dc.description.abstractVitamin D3 is synthesized in the skin during summer under the influence of ultraviolet light of the sun, or it is obtained from food, especially fatty fish. After hydroxylation in the liver into 25-hydroxyvitamin D (25(OH)D) and kidney into 1,25-dihydroxyvitamin D (1,25(OH)2D), the active metabolite can enter the cell, bind to the vitamin D-receptor and subsequently to a responsive gene such as that of calcium binding protein. After transcription and translation the protein is formed, e.g. osteocalcin or calcium binding protein. The calcium binding protein mediates calcium absorption from the gut. The production of 1,25(OH)2D is stimulated by parathyroid hormone (PTH) and decreased by calcium. Risk factors for vitamin D deficiency are premature birth, skin pigmentation, low sunshine exposure, obesity, malabsorption and advanced age. Risk groups are immigrants and the elderly. Vitamin D status is dependent upon sunshine exposure but within Europe, serum 25(OH)D levels are higher in Northern than in Southern European countries. Severe vitamin D deficiency causes rickets or osteomalacia, where the new bone, the osteoid, is not mineralized. Less severe vitamin D deficiency causes an increase of serum PTH leading to bone resorption, osteoporosis and fractures. A negative relationship exists between serum 25(OH)D and serum PTH. The threshold of serum 25(OH)D, where serum PTH starts to rise is about 75nmol/l according to most surveys. Vitamin D supplementation to vitamin D-deficient elderly suppresses serum PTH, increases bone mineral density and may decrease fracture incidence especially in nursing home residents. The effects of 1,25(OH)2D and the vitamin D receptor have been investigated in patients with genetic defects of vitamin D metabolism and in knock-out mouse models. These experiments have demonstrated that for active calcium absorption, longitudinal bone growth and the activity of osteoblasts and osteoclasts both 1,25(OH)2D and the vitamin D receptor are essential. On the other side, bone mineralization can occur by high ambient calcium concentration, so by high doses of oral calcium or calcium infusion. The active metabolite 1,25(OH)2D has its effects through the vitamin D receptor leading to gene expression, e.g. the calcium binding protein or osteocalcin or through a plasma membrane receptor and second messengers such as cyclic AMP. The latter responses are very rapid and include the effects on the pancreas, vascular smooth muscle and monocytes. Muscle cells contain vitamin D receptor and several studies have demonstrated that serum 25(OH)D is related to physical performance. The active metabolite 1,25(OH)2D has an antiproliferative effect and downregulates inflammatory markers. Extrarenal synthesis of 1,25(OH)2D occurs under the influence of cytokines and is important for the paracrine regulation of cell differentiation and function. This may explain that vitamin D deficiency can play a role in the pathogenesis of auto-immune diseases such as multiple sclerosis and diabetes type 1, and cancer. In conclusion, the active metabolite 1,25(OH)2D has pleiotropic effects through the vitamin D receptor and vitamin D responsive elements of many genes and on the other side rapid non-genomic effects through a membrane receptor and second messengers. Active calcium absorption from the gut depends on adequate formation of 1,25(OH)2D and an intact vitamin D receptor. Bone mineralization mainly depends on ambient calcium concentration. Vitamin D metabolites may play a role in the prevention of auto-immune disease and cancer.en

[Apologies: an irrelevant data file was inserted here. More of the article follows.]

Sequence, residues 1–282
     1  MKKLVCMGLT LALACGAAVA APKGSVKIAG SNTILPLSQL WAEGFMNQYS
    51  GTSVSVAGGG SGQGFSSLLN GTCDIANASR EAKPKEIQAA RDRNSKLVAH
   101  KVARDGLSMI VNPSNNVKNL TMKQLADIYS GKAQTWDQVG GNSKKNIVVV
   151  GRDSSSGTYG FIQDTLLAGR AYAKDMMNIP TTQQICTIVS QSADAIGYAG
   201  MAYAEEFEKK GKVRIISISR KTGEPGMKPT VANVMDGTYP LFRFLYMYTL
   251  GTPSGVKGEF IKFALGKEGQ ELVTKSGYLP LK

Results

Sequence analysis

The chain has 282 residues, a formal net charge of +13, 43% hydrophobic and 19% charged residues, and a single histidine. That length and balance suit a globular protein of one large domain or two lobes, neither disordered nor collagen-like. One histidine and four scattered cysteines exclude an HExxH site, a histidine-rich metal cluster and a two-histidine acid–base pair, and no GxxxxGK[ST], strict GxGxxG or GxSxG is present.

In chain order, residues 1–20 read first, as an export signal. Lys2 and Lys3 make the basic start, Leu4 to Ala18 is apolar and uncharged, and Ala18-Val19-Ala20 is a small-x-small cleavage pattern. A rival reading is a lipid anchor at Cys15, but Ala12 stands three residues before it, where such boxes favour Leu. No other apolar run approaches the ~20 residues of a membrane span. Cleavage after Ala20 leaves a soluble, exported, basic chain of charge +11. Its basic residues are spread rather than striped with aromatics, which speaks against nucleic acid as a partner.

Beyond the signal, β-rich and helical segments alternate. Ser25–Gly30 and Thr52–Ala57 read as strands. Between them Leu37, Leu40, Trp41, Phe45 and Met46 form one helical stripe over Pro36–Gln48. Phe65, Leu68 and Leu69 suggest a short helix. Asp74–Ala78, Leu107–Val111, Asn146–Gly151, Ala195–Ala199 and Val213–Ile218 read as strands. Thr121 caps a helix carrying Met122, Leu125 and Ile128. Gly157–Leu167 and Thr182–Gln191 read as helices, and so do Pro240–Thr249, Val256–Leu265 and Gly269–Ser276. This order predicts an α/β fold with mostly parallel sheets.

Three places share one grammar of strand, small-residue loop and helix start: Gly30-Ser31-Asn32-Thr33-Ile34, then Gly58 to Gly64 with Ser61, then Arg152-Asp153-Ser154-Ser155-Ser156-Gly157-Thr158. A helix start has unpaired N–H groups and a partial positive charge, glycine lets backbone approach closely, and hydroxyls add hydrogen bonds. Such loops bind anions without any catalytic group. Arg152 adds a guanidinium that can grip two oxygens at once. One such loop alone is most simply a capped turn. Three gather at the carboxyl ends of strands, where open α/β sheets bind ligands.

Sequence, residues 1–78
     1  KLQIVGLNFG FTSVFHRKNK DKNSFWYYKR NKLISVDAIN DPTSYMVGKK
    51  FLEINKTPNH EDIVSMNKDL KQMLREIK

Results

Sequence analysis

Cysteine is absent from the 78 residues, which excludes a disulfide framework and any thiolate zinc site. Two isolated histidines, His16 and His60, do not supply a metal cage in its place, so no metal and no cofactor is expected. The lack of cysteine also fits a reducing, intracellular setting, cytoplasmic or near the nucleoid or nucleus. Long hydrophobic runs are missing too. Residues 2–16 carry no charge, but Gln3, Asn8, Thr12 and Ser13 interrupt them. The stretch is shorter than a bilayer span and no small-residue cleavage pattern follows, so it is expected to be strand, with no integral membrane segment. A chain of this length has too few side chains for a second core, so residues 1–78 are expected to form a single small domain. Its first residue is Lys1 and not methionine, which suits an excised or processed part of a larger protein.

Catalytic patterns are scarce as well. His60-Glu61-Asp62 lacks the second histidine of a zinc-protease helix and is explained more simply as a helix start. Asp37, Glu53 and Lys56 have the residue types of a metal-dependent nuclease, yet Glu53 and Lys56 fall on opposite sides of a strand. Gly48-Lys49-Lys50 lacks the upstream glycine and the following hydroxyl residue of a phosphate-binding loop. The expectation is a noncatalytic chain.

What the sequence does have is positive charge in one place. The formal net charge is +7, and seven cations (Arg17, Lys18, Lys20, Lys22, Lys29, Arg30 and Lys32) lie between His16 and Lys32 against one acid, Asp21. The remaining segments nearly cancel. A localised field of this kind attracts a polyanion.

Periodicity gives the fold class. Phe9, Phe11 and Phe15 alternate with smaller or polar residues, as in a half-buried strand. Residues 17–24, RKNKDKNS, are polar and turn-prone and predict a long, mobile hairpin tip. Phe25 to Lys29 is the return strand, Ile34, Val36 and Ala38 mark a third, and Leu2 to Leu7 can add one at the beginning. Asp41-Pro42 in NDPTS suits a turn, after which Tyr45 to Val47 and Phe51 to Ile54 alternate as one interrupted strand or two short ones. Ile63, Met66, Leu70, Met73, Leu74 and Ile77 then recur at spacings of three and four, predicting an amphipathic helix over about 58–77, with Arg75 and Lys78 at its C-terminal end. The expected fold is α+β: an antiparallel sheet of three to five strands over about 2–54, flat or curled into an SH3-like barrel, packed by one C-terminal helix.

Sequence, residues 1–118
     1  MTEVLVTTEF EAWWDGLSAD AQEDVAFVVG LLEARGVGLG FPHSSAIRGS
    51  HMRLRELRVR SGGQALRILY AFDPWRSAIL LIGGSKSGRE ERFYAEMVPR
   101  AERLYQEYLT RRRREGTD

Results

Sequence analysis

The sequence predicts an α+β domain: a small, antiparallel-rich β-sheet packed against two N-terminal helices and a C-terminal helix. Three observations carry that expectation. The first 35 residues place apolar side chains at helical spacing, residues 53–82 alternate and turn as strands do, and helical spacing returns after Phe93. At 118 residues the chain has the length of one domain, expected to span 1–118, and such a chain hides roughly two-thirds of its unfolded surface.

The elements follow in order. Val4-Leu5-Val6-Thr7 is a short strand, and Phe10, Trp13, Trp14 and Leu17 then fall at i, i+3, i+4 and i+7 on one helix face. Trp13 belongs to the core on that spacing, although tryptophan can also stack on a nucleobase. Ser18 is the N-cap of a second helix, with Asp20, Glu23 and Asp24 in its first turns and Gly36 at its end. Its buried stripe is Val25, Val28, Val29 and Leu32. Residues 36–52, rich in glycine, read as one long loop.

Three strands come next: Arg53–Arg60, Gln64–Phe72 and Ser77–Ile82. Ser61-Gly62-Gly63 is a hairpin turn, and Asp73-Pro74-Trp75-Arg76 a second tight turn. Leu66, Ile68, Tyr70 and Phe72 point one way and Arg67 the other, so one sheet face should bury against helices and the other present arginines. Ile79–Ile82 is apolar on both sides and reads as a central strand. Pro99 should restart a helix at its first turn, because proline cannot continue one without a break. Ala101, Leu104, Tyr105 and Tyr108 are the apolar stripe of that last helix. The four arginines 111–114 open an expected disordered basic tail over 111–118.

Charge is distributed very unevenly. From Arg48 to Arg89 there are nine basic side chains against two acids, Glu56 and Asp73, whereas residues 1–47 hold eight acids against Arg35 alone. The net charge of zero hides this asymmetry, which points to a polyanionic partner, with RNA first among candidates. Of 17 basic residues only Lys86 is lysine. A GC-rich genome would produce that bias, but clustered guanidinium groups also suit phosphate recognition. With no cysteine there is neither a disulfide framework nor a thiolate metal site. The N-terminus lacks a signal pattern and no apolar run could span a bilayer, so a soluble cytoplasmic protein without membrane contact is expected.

dc.language.isoenen
dc.relation.urlhttp://www.sciencedirect.com/science?_ob=ArticleURL&_udi=B6TBN-4JCCHJP-5&_user=1843694&_rdoc=1&_fmt=&_orig=search&_sort=d&view=c&_acct=C000055040&_version=1&_urlVersion=0&_userid=1843694&md5=c087403d75237b9ab7077feff1247069en
dc.subjectVitamin D deficiencyen
dc.subjectBone mineralizationen
dc.subjectAuto-immune diseaseen
dc.subjectVitamin D: genomic and non-genomic effectsen
dc.subjectVitamin D-dependent ricketsen
dc.subjectVitamin D receptoren
dc.subject.meshAnimals-
dc.subject.meshBone Diseases-
dc.subject.meshCalcium-
dc.subject.meshGenetic Predisposition to Disease-
dc.subject.meshHumans-
dc.subject.meshSkin-
dc.subject.meshUltraviolet Therapy-
dc.subject.meshVitamin D-
dc.subject.meshVitamin D Deficiency-
dc.titleVitamin D physiology.en
dc.typeArticleen
dc.identifier.journalProgress in biophysics and molecular biologyen